Change land administration legislation

Mwape MusondaBy Mwape Musonda

In October 2014 we published an article with the header should ‘Zambian land be for Zambians? In this piece we highlighted the importance of land as a resource which an individual can ever possess because of its potential to bring material benefits when exploited.

We raised our concern on how the laws that govern land distribution were giving competitive advantage to foreign nationals in this country as opposed to its citizens because of their porosity.

By then non-Zambian residents only needed to have stayed in the country for a period of more than one year or register a company with no less than 75% Zambian shareholding and a few other provisions for them to acquire land.

Our bone of contention here was that there was need to increase the number of control measures guiding land distribution. We advocated for the review of the tenure of lease of land given to foreign nationals as well as companies.

Of course this was the time when the constitution amendment process was still ongoing and a report from the parliamentary committee which was tasked to establish the laws governing lands, environment and tourism administration in the country in stated that there was no Land Policy.

The report further revealed that there was only a draft Land Policy whose process of approval would only be finalized after the amendment of the constitution.

The constitution amendment process was completed on the memorable day of 5th January 2016 when the president of this country assented the amendment bill at Lusaka’s Heroes stadium and the question we are asking today is have we resumed the process of formulating the Land policy?

We believe that the importance of land ownership cannot be over emphasized as far as personal and national development are concerned as such its administration should be done in the most transparent manner and in favor of our country’s citizens as opposed foreigners.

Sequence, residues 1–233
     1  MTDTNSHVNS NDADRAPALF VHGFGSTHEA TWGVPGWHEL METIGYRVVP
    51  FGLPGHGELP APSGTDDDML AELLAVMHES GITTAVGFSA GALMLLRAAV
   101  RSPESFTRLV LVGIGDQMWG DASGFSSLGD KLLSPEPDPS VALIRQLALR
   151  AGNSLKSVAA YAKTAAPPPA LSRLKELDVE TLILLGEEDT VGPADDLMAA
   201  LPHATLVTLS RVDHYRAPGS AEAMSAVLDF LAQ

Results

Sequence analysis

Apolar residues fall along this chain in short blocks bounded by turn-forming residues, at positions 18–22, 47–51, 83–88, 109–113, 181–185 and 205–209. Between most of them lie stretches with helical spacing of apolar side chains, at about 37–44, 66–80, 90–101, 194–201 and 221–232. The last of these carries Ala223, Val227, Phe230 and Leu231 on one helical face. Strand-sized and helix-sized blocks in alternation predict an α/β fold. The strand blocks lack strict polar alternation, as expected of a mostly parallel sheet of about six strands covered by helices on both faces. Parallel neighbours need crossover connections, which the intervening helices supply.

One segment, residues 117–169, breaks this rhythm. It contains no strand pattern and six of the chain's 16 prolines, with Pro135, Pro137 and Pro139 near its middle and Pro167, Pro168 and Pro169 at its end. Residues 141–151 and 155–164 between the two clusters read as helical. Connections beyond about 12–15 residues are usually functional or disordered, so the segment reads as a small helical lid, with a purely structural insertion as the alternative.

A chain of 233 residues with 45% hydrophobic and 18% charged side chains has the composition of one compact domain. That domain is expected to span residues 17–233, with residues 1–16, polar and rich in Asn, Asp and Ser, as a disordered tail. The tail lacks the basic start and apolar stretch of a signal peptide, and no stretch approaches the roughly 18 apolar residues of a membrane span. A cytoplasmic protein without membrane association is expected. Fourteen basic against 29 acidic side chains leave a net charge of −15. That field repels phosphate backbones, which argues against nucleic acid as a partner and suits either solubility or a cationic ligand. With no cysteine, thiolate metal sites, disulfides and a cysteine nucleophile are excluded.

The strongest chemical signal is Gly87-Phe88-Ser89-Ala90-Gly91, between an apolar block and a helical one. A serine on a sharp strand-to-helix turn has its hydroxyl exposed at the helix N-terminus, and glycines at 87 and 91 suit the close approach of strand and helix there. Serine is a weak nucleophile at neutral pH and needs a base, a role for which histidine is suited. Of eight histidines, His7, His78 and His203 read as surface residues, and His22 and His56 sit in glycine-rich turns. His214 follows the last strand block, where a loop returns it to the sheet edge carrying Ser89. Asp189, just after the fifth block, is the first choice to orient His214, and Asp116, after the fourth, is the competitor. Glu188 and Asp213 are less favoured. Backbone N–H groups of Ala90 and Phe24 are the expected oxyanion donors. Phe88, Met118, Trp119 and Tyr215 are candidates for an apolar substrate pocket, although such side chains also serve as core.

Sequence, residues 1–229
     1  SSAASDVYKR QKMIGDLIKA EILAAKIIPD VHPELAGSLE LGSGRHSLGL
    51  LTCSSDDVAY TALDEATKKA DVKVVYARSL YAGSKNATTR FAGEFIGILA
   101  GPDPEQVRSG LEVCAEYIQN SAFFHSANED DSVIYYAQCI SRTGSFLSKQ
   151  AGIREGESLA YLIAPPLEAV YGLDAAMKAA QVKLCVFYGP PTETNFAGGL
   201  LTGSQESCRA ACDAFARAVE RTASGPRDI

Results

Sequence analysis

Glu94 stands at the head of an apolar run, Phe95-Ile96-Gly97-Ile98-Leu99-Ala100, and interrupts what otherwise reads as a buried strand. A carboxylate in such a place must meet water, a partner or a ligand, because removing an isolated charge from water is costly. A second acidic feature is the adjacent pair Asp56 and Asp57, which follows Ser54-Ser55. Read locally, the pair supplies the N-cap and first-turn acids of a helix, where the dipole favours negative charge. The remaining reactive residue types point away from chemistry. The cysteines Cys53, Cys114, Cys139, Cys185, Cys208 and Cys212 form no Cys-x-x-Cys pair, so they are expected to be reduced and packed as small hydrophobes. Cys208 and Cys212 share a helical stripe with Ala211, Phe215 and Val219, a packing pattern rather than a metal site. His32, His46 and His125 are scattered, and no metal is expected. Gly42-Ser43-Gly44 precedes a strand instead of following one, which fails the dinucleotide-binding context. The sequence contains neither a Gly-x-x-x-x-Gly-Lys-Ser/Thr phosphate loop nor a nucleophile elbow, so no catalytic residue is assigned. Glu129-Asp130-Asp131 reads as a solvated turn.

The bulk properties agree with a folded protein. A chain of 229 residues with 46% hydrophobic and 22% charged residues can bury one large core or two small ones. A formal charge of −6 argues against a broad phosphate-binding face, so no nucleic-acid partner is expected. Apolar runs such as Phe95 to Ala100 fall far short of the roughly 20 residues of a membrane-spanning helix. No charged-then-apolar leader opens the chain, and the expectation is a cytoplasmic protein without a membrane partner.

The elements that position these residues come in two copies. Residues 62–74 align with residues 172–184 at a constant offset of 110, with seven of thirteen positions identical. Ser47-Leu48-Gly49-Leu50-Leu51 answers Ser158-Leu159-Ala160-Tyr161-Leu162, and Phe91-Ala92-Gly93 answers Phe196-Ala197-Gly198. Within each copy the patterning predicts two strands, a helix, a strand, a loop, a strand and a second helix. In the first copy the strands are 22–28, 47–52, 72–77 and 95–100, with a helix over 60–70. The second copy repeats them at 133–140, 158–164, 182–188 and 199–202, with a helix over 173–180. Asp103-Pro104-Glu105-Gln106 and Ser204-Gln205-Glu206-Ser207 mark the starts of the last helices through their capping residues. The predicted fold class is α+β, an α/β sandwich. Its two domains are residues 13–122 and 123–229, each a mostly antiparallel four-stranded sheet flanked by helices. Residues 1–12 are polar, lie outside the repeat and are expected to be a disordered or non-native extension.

Just last week government received the 27 commercial farmers from South Africa who are prospecting to invest in our agriculture sector.  This news has excited most of us who have been calling for practical steps from government in engaging the private sector in the quest of diversifying our economy to agriculture from the export of blisters of copper cathodes.

Our country has got the best climate, soils and 40% of the water bodies hosted in southern Africa. These conditions are ideal to make us the food basket of Africa and yet agro-economic diversification has just been paid lip service for last 50 years of our independence.

According to the statistics at the ministry of lands and environmental protection, Zambia’s total surface land area is in excess of 75 million hectares. All of this land can be used to drive various social economic development activities that can enhance our livelihood.

The current usage is that out of the total land area 47 percent can be used for agriculture activities but only 14 percent is being cultivated. As far as the country’s urban development is concerned only 2 percent of the country’s total land has been utilized so far.

The remaining portions are occupied by water, hills, forests and national game management areas which can also be utilized to provide the benefits to the nation.

Government assured us that the 27 farmers from South Africa are coming to invest in our country using acceptable and modern models of farming that incorporates and integrates local communities in growing small and medium scale farmers.

Yes we want their technology for the development of the agro processing industry, finances and their experience to develop our country so that we can start producing food for all of our neighboring countries as opposed to the current status quo where we are only producing enough to feed ourselves.

But what we are saying is that there is an urgent need to stiffen up the laws that guide land demarcation especially the tenure of ownership because if we get carried away with the prospects of what these investors are bringing  we might end giving away all of our arable land for nothing.

These investors are coming for nothing but to make profits and so government should also ensure that this country also gets a fair share of the deal. If possible we lets have laws that will compel all investors partner with indigenous Zambians in their business for them to have access to land so that the investors get to provide the monetary capital and locals provide land.

We are of the view that the privilege of administering land also comes with the responsibility to preserve it for the future generations and so government needs to expedite the process of formulating the land policy so that our country does not give away its most priceless resource for nothing but a pinch of salt to foreigners.

The author is a Humanism activist and a member of ZICA

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